If you are already experienced and would like to teach others, cycling racing bodies have coaching accreditation courses which cover in much more depth many of the things we've mentioned.

We'd especially like to see lots of commuting cyclists passing on their LOCAL KNOWLEDGE and skills. The two things we find most beginners want to know is:

  1. how to mend a puncture
  2. the safest route from "A" to "B" Easy stuff

Find out how to do these things yourself and then...PASS IT ON!

Travelsmart - fabulous resource for schools, community, workplaces and homes on how to travel 'smarter'. Not just cycling but information on better ways to get around. Ring Boroondara council for a copy.

Need info to encourage and how to prepare your workplace to provide cycle-friendly facilities? It's all here

Are you contemplating becoming a bicycle commuter? The first step can be the hardest. BBUG will soon have a detailed map on how best to commute to the CBD from Boroondara. In conjunction with our detailed overall map of bicycle facilities throughout our area, you will have the necessary information to take that first step! Still not sure? Contact us and hopefully we can arrange an escort for your first ride into town.

All too much?

All in a row going nowhere.

Ride & train

How about just riding to your local station or one further afield and putting you bike in a bike locker? Lockers are free but a small bond is required. When putting you bike on a suburban train, it's good form to use the space at the end of the very last carriage, which is substantial. The same space at the front of the front carriage is reserved for those using wheelchairs.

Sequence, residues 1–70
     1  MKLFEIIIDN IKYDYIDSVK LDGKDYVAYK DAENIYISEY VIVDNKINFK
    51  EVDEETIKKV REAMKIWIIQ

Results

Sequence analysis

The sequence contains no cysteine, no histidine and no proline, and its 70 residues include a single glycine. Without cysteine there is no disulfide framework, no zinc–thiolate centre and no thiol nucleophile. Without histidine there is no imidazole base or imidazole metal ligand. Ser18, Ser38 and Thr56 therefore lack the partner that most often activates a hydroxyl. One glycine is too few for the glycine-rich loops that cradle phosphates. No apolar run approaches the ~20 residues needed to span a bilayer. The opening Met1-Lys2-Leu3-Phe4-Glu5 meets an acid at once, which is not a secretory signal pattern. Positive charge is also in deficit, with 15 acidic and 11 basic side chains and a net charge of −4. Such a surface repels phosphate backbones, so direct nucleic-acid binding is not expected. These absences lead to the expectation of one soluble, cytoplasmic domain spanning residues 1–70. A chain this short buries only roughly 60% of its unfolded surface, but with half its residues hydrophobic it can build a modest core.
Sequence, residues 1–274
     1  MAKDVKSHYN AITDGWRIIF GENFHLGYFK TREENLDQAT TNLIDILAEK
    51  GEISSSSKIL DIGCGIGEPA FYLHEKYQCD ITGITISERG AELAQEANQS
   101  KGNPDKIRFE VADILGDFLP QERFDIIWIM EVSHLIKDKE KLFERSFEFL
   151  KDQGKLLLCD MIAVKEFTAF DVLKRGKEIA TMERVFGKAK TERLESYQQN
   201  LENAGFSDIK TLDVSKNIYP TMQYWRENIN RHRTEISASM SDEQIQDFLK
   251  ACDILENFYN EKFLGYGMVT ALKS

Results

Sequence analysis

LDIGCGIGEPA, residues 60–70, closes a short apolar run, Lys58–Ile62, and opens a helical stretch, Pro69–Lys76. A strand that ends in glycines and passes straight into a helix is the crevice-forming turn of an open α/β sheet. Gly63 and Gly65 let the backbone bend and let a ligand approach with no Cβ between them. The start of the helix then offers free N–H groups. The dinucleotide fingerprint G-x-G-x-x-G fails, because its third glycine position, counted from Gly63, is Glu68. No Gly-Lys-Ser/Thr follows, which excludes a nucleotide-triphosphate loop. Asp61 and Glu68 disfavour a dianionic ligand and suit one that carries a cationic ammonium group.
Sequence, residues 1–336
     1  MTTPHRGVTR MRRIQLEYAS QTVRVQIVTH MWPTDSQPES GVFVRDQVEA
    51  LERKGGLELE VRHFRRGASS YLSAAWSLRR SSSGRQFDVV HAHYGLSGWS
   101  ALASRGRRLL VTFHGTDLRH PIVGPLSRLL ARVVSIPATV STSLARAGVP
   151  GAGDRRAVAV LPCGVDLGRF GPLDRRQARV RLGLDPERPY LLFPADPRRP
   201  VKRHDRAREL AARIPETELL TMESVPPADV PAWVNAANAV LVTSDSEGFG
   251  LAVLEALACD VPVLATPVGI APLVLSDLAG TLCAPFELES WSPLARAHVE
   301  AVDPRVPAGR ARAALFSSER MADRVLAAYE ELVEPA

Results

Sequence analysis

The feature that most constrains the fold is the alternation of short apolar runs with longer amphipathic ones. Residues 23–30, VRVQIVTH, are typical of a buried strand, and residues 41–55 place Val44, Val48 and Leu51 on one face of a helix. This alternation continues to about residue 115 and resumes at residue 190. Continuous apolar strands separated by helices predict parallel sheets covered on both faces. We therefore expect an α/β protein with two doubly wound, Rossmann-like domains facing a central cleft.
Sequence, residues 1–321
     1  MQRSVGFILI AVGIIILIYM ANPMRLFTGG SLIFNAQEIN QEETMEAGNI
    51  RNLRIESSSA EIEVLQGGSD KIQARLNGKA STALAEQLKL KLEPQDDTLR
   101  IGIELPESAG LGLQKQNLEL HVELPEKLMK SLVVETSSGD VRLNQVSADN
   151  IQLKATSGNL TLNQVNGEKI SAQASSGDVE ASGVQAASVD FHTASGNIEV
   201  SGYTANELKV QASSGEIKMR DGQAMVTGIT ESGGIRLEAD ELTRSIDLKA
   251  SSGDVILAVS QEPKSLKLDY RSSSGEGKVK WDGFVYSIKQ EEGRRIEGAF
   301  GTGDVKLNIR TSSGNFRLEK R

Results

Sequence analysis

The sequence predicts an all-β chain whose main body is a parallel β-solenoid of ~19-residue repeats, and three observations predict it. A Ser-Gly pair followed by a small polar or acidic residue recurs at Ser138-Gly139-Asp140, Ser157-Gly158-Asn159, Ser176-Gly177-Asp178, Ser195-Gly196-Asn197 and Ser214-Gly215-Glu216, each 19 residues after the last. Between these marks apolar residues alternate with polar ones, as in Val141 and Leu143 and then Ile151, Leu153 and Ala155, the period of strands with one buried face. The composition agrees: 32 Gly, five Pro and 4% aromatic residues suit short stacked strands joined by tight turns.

Ride & bus

Ride your $10 special purchased at the local op shop, to your nearest bus stop. Chain it to the nearest tied down and stationary object. If the council complains about it, request bicycle parking be installed. If it can be done for cars, why not bicycles? See Doncaster Park and Ride.

Park & ride

Normally drive into town via the Monash Tollway? Park your car at the public carpark near the corner of Toorak Rd and Auburn Rd - just south of the Hawthorn velodrome near the Toorak Rd tollway exit. Ride the rest of the way into town. It's a nice 1/2 hr trip on the Gardiners Creek and Yarra Trails to the CBD and save:

For a 5 day, 9 to 5, week (Jun 2012):

Grand total = $147.90

Australian Bureau of Statistics (ABS) figures for Dec Qrt 2011 show the average gross (before tax) weekly earnings (AWOTE) of a full-time adult worker in Australia are $1330.10 or $1,032.10 after tax. Note that the AWOTE figure is a mean not a median and typically overstates the earnings of Mr Citizen.

That's $25.80 / hr (40 hr week) - so it will take you 5.7 hours to earn that amount of money - and we still haven't considered the cost of car of actually owning a car! 5.7 hours - you could be doing many other things besides working to be able to afford to get to work - ride a bike.

Parkiteer

Parkiteer are free bike cages that are accessed using a swipe card. In the Boroondara area we have these locations:

  • The Doncaster park and ride bus terminal - accessible via the Koonung Creek Trail
  • Surrey Hills station
  • East Malvern station - accessible by many routes both on and off road